You knew it would only be a matter of time till someone came up with an app that would record your interactions with New Jersey’s finest. An idea that only the ACLU of New Jersey could come up with.

But you have to wonder if police will, if they’re always thinking someone is looking over their shoulder, feel hindered in doing their job.

The American Civil Liberties Union of New Jersey just released an app that allows Android phone users to record and store their interactions with police to "hold police accountable."

What sets this apart from being just a video camera with a send button is that you can also record in "stealth mode." The app disappears from the screen once the recording starts, "to prevent any attempt by police to squelch the recording," according to the ACLU of New Jersey site.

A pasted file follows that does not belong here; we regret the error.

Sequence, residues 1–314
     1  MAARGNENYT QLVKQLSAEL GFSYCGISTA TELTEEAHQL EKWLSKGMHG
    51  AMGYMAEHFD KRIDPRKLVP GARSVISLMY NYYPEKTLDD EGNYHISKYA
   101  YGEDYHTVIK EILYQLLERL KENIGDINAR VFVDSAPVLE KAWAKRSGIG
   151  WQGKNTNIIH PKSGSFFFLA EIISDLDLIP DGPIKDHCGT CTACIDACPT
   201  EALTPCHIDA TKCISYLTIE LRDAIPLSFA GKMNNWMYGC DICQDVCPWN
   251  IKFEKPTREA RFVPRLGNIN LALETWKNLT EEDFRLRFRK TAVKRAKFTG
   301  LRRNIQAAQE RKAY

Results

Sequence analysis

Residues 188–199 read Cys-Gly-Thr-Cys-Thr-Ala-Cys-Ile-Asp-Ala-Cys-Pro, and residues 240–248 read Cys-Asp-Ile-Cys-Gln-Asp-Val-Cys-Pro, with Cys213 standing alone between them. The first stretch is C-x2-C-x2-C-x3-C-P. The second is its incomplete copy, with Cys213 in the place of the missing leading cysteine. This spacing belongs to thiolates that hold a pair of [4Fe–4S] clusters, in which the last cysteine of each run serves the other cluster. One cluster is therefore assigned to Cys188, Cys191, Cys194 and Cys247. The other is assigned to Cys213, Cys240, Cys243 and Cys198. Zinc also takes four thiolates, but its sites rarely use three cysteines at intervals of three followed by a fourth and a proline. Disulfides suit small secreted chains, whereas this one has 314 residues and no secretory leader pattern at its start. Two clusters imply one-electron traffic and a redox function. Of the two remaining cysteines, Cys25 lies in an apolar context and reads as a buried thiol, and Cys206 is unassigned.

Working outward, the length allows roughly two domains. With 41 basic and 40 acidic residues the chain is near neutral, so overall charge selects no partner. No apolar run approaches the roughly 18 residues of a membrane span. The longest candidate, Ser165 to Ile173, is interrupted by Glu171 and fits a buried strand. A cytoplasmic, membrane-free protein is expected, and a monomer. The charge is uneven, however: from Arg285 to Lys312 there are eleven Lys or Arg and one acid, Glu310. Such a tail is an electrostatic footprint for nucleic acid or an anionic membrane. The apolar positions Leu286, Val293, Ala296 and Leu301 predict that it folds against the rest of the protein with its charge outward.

Users can send the recording to the organization through the app for backup storage and analysis of possible civil liberties violations.

When you download Police Tape, it clearly states that it is designed for use in New Jersey, where it is legal to record police.

The terms also warn you that you shouldn't submit the video if it's not something you want to have publicly posted -- and that you might want to consult a lawyer before submitting anyway, just in case.

The New Jersey ACLU plans to release an audio-only iPhone version in August.

And since I have an iPhone, can't wait...even though my interactions with the cops are minimal at best.

Conventional wisdom suggests that if one is following proper procedure, there would be nothing for the police officer doing his or her job.

Then again, any time a new technological advancement comes along that monitors the police…they’ll be the first to complain.

Bottom line: Police Tape…not a bad think at all.